from the Latin word for new. His father liked the idea, but preferred to use the Greek. So a new element in name and nature, finally took its place in the periodic table. And initially its lack of reactivity meant there were no obvious uses for Neon.
It took a bit of imagination from the French engineer, chemist and inventor, Georges Claude, who early in the 20
Century first applied an electric discharge to a sealed tube of neon gas. The red glow it produced, gave Claude the idea of manufacturing a source of light in an entirely new way. He made glass tubes of Neon, which could be used just like light bulbs. Claude displayed the first neon lamp to the public on December 11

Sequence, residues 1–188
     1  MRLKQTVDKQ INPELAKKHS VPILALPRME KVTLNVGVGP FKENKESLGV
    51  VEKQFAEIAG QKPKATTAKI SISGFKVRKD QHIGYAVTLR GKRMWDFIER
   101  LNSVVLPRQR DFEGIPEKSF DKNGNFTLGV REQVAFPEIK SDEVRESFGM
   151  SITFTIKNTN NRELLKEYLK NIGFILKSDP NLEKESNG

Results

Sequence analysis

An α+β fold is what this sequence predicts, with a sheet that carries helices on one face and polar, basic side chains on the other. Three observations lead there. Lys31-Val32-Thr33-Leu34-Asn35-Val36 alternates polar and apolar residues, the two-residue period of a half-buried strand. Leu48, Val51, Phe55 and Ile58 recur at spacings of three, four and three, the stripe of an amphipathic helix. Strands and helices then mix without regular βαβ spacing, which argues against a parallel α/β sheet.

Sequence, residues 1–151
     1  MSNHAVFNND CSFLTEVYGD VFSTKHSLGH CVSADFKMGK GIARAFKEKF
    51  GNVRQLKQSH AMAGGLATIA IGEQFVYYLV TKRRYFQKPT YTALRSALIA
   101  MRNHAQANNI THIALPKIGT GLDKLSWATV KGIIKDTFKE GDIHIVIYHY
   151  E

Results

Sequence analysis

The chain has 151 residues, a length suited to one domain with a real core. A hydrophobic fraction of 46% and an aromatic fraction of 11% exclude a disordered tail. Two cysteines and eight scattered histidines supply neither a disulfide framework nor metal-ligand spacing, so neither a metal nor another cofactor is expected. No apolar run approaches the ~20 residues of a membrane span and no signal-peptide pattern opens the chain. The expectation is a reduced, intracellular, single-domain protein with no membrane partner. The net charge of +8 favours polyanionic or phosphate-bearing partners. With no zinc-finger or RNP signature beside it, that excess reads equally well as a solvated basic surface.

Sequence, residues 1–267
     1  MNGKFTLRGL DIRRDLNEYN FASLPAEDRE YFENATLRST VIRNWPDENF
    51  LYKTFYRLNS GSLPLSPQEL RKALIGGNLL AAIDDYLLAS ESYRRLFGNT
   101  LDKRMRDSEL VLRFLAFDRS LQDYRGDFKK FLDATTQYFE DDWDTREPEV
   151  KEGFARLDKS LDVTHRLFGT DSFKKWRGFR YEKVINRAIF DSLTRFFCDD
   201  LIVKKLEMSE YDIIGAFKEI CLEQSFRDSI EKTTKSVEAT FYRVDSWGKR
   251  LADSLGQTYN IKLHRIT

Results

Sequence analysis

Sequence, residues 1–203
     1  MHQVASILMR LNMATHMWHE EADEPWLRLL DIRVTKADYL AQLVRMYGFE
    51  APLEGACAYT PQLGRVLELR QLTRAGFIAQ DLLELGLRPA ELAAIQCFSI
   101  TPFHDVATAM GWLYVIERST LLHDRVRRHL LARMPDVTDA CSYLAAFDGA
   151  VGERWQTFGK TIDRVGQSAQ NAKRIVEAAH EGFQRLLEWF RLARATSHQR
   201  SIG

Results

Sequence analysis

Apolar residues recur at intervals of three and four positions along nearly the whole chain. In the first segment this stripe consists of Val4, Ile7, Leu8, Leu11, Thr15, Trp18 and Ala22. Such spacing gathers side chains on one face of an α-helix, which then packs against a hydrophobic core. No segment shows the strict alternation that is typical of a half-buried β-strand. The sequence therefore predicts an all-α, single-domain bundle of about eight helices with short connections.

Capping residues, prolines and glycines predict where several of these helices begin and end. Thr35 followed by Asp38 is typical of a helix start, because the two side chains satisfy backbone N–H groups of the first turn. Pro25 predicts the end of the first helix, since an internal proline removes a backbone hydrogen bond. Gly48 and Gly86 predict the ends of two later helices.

, 1910 at an exhibition in Paris. His striking display turned heads but unfortunately sold no neon tubes. People simply didn't want to illuminate their homes with red light; but Claude wasn't deterred. He patented his invention in 1915 and during his quest to find a use for it he discovered that by bending the tubes, he could make letters that glowed. The use of neon tubes for advertising signs began in 1923, when his company Claude Neon, introduced the gas filled tubular signs to the United States. He sold two to a Packard car dealership in Los Angeles. The first neon signs were dubbed 'liquid fire' and people would stop in the street to stare at them, even in daylight, they glow visibly. These days neon is extracted from liquid air by fractional distillation and just a few tons a year of the abundantly available gas is enough to satisfy any commercial needs. And of course there are now many sources of illuminated signs, screens and displays that give us far more impressive scrolling letters and moving pictures that we associate with the bright colourful lights of say Times Square in New York City.